It prefers well-drained stony, or sandy soils, but it can also do well in chalky soils. Don’t plant it in wet areas. It doesn’t like soggy soil, which can cause root rot and fungal diseases.
It thrives best in soils that are slightly alkaline to neutral in pH, but can also tolerate slightly acidic soils.
Common Oregano is moderately drought tolerant and can go for some without water once it is established (about 3 months of drought if the temperature is not too hot).
Once established, it usually does not need watering. However, if there’s a long period without rain or very hot weather, you should give it some water. Just make sure to let the soil completely dry out before watering it again.
During the first year after planting, it’s essential to water the young oregano every two to three weeks, especially in the summer (or more often if the soil is sandy). This is because the plant is developing its roots, which are still short and can only reach the shallow parts of the soil that dry out faster. By providing regular watering, you help the oregano establish strong roots that can access deeper soil and better withstand dry conditions in the future.
When you water the plant, make sure to give it plenty of water, allowing the soil to get a good soak. This way, the water can sink deep into the soil, helping the roots grow deeper as well. With deep roots, the plant can withstand longer dry periods since the lower soil layers stay moist for a longer time.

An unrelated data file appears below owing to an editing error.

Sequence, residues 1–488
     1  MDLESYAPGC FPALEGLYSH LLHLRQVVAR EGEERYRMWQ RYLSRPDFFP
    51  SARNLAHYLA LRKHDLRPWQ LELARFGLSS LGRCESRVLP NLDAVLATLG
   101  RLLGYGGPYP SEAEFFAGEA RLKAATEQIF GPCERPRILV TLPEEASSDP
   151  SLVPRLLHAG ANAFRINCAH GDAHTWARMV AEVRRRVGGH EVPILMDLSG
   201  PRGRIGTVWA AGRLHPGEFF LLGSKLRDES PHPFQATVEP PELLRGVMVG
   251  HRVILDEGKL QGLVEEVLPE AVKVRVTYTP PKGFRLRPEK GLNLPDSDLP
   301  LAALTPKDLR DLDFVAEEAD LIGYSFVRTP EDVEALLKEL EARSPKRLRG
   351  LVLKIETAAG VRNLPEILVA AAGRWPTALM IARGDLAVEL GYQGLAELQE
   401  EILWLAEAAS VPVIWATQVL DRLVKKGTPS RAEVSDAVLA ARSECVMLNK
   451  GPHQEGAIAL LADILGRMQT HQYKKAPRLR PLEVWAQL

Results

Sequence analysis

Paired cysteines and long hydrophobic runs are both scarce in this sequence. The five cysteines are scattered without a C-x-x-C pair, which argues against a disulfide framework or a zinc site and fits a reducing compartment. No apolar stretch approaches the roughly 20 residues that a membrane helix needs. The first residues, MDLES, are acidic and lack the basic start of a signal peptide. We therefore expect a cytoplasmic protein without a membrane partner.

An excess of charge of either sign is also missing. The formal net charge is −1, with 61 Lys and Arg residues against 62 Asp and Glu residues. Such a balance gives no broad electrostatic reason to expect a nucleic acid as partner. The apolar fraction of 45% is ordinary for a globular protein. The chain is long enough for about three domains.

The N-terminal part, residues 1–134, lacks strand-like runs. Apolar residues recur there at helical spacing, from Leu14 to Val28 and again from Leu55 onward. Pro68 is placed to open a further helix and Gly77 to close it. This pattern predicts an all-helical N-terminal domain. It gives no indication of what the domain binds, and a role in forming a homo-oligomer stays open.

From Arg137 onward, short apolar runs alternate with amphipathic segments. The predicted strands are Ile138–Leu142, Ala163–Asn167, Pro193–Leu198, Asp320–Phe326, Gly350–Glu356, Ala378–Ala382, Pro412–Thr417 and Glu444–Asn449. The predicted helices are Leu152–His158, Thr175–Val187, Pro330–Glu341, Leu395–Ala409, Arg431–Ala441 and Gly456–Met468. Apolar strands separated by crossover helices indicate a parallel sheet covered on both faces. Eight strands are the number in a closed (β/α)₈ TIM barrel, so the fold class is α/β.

To preserve the soil´s moisture, you should add mulch around the plant’s root area. Gravel is the best option for mulching.
Pruning Oregano helps maintain its shape and encourages bushier growth.
- Give it a cleaning prune in early spring. You should cut back the old, weak or overly crowded stems. This will allow for better air circulation and light penetration which will promote healthy growth. Prune it down completely if it is overgrown or weak. This will enable new stems to grow from the base.
- Give it a hard prune (always cutting above a healthy set of leaves) immediately after the flowering period, typically early to mid-summer to help maintain its shape and encourage new growth.
- Give it a light prune regularly from late spring to the end of summer to prevent the plant from becoming too leggy and to harvest its leaves for cooking.
When to plant Origanum vulgare
The best season to plant is in spring or autumn, depending on your climate. Avoid planting during periods of extreme temperatures.